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Course Aims and Objectives:
The course is divided into five key areas: ‘Revolution’; ‘Women’; ‘Nature’; ‘Gothic’; and ‘Second Generation Romanticism’.
In the first term, we will be setting our studies against a social and historical background, understanding the core ideas and principles involved in Romanticism in the light of wider events, particularly the French Revolution (1789) and Napoleonic Wars and the period of political crisis that followed the battle of Waterloo (1815). Why and how do Revolutionary events translate into literary activity? We will consider how these ideas are related to issues of gender and to two another major preoccupation of Romantic writing, the natural world, which we will explore in the final part of the term.
In the first half of the second term, the course will then turn its attention to the literary movement of ‘Gothic’ which emerges during the Romantic period. In the second half, with a wider context now fully established, we examine the relationship between first and second generation Romanticism exploring some of the more complex underlying ideas about the workings of the mind, of identity and of the imagination as they find expression in the major writers of the period and considering the extent to which these ideas are located within a social context.
The course aims to give students a well-rounded sense of Romanticism as a full development of earlier eighteenth-century ideas and movements, as well as a distinct period in itself. We will work out of close knowledge of key texts in order to begin to tackle some of the wider, more abstract ideas, such as nature, memory, imagination, and the sublime. We will also try to consider literary ideas within a broader social, historical and philosophical context. The first coursework assignment will involve a close reading exercise undertaken in the form of a ‘class test’. The second assignment will allow students to explore key themes more broadly and independently. Unassessed presentational work may be required during the term.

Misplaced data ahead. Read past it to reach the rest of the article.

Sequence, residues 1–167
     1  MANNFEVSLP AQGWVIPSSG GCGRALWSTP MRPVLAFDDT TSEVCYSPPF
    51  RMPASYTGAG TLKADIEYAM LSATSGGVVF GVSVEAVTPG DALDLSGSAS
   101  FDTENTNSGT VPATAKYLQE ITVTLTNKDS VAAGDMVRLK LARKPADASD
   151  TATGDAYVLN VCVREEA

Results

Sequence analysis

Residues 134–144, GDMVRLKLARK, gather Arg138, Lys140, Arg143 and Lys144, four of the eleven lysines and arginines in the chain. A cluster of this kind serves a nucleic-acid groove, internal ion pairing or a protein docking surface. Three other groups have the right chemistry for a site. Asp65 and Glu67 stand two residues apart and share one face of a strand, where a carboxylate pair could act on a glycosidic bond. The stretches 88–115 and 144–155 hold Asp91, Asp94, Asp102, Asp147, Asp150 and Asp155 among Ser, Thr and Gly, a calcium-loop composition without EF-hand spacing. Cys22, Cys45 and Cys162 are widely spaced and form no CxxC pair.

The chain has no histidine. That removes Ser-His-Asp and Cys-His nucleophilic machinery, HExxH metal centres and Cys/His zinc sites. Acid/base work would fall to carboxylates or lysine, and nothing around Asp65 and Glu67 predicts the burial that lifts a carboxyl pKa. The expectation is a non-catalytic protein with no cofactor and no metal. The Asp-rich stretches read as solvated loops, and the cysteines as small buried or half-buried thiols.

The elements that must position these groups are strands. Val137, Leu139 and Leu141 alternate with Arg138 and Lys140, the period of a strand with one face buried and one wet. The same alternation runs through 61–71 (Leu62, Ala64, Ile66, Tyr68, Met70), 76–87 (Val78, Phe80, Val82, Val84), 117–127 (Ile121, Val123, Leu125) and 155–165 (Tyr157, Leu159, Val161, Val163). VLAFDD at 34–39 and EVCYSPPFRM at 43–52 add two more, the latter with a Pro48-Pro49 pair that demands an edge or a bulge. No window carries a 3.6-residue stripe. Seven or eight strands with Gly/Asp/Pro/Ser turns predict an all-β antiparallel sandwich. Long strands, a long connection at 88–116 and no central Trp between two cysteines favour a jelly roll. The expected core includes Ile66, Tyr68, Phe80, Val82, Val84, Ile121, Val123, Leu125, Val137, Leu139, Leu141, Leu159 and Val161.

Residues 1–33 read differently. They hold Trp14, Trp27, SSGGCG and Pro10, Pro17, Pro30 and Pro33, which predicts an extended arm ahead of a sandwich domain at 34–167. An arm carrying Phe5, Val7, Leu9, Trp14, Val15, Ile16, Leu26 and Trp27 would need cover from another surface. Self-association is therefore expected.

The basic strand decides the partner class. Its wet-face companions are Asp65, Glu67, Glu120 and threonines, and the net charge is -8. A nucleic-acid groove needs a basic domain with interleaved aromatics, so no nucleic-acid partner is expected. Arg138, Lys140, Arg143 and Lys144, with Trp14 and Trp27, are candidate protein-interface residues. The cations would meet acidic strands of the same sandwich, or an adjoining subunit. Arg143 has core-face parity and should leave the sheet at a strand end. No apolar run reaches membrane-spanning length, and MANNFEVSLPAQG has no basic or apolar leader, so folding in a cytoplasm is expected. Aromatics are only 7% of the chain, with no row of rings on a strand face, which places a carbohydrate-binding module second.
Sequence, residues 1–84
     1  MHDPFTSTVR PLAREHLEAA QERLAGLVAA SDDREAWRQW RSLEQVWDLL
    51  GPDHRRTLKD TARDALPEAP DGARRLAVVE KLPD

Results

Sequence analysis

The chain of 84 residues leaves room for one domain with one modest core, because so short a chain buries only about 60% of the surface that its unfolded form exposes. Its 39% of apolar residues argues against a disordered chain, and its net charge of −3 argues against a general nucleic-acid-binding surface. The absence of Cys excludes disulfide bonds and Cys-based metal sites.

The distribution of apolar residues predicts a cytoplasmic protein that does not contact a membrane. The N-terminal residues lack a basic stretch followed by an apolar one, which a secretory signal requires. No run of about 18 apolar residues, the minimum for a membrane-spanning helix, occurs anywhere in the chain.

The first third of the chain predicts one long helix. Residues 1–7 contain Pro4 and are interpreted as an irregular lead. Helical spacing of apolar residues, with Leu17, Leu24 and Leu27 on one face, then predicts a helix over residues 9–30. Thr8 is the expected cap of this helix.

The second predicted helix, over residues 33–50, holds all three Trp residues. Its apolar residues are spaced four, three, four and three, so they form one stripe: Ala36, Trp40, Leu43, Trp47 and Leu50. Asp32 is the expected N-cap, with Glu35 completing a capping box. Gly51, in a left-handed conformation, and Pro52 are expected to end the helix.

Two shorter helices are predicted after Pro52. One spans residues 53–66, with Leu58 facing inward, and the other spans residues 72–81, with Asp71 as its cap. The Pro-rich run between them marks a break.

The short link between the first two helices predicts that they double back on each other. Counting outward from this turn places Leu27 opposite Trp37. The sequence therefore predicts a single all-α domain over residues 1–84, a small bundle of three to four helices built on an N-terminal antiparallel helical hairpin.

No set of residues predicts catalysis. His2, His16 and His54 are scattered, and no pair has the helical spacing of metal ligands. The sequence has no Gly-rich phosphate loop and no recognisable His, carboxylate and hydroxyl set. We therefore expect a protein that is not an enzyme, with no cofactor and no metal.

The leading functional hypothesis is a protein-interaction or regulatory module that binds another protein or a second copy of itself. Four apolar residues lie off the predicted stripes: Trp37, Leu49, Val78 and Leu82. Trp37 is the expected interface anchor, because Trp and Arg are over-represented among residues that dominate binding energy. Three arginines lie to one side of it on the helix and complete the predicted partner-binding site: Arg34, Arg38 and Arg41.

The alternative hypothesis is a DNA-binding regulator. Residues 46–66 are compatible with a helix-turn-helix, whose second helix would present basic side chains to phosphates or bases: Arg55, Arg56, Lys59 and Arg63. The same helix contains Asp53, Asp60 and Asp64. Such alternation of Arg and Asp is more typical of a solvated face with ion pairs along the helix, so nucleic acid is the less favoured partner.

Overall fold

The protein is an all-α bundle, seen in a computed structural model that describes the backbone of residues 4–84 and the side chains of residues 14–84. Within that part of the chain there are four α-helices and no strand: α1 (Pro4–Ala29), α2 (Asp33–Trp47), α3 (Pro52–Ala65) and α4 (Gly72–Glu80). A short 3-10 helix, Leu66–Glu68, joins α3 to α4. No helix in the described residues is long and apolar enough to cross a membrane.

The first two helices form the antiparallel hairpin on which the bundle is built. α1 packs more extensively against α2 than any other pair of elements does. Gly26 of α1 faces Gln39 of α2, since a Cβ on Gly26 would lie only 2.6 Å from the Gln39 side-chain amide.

1 x close reading exercise (1,000 words; 10% supplementary evidence) - readings given a week in advance, taken as a take-home paper; 1 x 2,000-word essay (30% supplementary evidence); 1 x 2.5 hours examination (60%)
Take-home essay paper = to be handed in by 4pm Monday of Week 10/Term 1
Essay = by 12 noon on Thursday of Week 10/ Term 2.
1 lecture and 1 seminar per week
Romanticism: An Anthology ed. Duncan Wu (3rd Ed. 2005). MUST buy this!
Romanticism: A Source Book ed. Simon Bainbridge (2008). Not essential reading, but useful additional contexts, especially for Women and Revolution.
Godwin, William. Caleb Williams, ed. David McCracken (The World’s Classics, 1982).
Lewis, Matthew. The Monk (any affordable edition).
Austen, Jane. Northanger Abbey and Sense and Sensibility (any affordable edition).
Shelley, Mary. Frankenstein (any, but preferably of the 1831 edition, OUP).
Wollstonecraft, Mary, Mary, Or the Wrongs of Women (any edition)
For further reading, see the course LUVLE site.
Lecturers: AHB = Dr Arthur Bradley; AK = Mr Andrew King; CLS = Dr Catherine Spooner; DC = Dr David Cooper; SCB = Dr Sally Bushell; SJJB = Prof Simon Bainbridge; SM = Dr Simon Marsden
English Literature students should note that the weekly lecture strand ENGL 201 (Practical) has been designed to enhance key close reading skills at second-year level. You are expected to attend this lecture strand as part of your English programme.
ENGL 207: BRITISH ROMANTICISM
Lecture Time and Venue (Term 1): Monday 9am – 10am, Elizabeth Livingston Lecture Theatre
Lecture Time and Venue (Term 2): Monday 9am – 10am, Bowland Main Lecture Theatre
Course Convenor: Prof Keith Hanley (Term 1); Dr Sally Bushell (Terms 2 and 3)
Lecture / Seminar Programme: Seminars follow the topics of the lectures
«Journal of symbolic logic» 1934г., VI part 4, XXVI part 1-2? 1960 г., V part 4-5, 1980г